What Works?

  • Administer Common District-wide benchmark or snap-shot assessments, at least every 6-9 weeks.

  • Get the results immediately in the hands of principals, teachers, parents and supplemental instruction providers; and,

  • Create vehicles for teachers to meet together to discuss assignments and student work.


MONITORING AND MEASURING, FREQUENTLY IS KEY.

Source: After the Test, Using Data to Close the Achievement Gap, Springboard Schools 2005.

http://www.springboardschools.org/research/other_research.html


Focus on Fixing: Intervene and Adjust


What Works?

Acting Immediately on Results from Snapshot Assessments

  • When the data suggests individual kids are behind, those kids get immediate help.

  • When the data suggests that ½ or more of the kids in a class are behind, the teacher gets help.

  • No one right way, but high performers have consistent methods to intervene and help ... whoever needs it . . . when they need it.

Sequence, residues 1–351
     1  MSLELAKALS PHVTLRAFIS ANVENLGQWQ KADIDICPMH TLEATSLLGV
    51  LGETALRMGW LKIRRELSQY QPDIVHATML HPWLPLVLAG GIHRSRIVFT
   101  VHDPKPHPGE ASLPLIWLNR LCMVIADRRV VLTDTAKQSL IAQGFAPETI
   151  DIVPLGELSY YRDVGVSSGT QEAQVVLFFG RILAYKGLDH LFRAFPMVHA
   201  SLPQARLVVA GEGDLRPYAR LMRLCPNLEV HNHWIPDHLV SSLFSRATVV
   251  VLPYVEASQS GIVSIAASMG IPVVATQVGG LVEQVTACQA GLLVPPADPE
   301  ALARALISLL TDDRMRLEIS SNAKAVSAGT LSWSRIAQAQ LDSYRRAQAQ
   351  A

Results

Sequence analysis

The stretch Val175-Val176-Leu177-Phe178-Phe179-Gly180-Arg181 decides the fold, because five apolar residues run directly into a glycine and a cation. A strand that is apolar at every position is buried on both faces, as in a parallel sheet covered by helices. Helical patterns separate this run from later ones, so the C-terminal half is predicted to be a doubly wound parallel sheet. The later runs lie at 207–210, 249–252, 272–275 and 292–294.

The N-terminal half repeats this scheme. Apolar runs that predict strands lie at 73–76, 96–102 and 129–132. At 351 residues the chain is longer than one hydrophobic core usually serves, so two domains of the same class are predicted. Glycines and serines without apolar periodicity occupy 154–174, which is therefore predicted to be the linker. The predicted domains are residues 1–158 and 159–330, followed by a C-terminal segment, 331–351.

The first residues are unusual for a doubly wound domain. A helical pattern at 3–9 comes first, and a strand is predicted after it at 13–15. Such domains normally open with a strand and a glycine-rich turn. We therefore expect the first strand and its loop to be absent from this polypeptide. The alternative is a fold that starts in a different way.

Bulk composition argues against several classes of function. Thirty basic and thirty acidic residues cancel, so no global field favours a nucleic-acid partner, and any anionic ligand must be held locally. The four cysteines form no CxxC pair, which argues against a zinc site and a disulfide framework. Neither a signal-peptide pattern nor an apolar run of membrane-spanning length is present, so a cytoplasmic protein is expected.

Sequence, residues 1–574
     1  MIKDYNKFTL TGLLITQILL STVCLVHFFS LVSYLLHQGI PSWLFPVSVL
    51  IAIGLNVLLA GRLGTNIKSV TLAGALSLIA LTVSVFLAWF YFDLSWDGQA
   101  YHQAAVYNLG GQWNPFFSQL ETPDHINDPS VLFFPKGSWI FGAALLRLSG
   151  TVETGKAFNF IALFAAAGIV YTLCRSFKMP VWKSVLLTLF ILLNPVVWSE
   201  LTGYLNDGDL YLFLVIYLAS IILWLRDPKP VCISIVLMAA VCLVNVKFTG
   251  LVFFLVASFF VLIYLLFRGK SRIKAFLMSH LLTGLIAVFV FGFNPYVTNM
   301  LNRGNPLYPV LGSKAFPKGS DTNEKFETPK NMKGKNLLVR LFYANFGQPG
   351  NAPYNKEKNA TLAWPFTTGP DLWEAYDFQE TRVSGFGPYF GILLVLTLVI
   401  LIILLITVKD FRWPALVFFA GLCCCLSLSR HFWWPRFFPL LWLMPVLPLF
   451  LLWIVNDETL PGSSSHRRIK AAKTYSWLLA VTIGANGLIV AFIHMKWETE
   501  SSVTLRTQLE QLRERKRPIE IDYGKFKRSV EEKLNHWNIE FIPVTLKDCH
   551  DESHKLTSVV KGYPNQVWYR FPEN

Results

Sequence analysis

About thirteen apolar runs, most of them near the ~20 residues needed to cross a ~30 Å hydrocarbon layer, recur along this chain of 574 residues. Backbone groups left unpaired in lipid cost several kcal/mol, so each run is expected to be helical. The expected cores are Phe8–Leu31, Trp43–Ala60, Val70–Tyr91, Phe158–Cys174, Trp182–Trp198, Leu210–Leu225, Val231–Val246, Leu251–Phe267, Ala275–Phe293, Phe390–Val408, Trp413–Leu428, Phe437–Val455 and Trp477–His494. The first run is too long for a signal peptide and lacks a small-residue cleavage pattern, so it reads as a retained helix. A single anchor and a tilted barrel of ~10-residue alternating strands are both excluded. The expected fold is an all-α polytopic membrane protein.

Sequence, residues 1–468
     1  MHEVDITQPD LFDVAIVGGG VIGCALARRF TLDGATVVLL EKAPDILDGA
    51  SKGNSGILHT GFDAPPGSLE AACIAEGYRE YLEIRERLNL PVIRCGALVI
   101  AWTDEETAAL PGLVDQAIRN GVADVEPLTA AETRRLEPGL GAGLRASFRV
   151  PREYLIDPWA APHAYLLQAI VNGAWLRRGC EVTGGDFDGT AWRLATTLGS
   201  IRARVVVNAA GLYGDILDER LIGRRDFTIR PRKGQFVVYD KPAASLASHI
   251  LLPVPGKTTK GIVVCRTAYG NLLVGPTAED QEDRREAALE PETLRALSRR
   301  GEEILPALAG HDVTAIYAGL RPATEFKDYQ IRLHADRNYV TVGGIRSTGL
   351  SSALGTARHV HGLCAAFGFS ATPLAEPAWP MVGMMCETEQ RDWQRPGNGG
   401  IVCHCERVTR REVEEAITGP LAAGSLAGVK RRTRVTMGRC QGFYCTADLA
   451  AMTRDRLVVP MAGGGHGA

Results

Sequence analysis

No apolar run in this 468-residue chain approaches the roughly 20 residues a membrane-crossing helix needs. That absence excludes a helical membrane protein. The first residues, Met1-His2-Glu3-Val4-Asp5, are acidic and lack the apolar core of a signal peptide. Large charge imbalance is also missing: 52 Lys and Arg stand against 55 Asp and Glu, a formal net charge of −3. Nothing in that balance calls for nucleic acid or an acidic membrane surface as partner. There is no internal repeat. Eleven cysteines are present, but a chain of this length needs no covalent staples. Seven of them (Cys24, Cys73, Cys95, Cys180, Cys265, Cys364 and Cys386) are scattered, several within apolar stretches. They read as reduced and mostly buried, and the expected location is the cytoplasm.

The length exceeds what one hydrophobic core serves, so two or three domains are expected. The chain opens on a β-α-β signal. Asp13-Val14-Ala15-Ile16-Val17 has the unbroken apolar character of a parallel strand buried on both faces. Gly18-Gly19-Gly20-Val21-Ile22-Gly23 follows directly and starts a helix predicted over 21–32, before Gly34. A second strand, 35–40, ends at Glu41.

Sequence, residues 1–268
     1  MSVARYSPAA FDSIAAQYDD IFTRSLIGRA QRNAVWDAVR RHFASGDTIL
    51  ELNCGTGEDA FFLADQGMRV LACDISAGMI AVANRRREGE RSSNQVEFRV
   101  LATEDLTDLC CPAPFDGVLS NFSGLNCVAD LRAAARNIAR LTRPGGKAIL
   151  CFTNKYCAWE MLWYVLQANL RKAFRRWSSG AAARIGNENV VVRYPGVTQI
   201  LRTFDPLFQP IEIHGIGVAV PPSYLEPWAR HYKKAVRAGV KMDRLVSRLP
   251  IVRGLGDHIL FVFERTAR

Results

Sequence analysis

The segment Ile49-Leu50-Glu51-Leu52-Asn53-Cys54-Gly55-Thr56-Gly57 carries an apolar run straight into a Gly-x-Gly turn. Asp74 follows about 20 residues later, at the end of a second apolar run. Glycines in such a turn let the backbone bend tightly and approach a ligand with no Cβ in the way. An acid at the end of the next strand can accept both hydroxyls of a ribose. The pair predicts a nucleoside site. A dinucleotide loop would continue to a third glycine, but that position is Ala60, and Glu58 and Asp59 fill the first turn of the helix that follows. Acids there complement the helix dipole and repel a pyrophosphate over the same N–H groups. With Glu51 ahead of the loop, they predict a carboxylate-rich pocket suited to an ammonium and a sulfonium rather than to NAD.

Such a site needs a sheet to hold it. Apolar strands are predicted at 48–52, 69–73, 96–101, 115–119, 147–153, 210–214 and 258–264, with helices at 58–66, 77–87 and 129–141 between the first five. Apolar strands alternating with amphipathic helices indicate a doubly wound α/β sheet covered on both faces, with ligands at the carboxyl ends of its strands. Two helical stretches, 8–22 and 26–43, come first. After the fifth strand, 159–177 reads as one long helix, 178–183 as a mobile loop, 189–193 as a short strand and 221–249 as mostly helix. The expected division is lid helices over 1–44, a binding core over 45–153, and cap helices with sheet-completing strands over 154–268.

In the End, We Have to Make Different Choices.

At the Main, Achievement and Opportunity Gaps Come from Choices That Educators and Policymakers Make. Choices About:

- What to Expect of Different Schools and Students.

- How Much to Spend on Whom.

- Choices Even About Who Teachers Whom.

- Choices About How to Organize Classroom and Schools.


February

2006

The Education Trust–West510-465-6444Please Join us for our 2nd Biennial Conference www.edtrustwest.org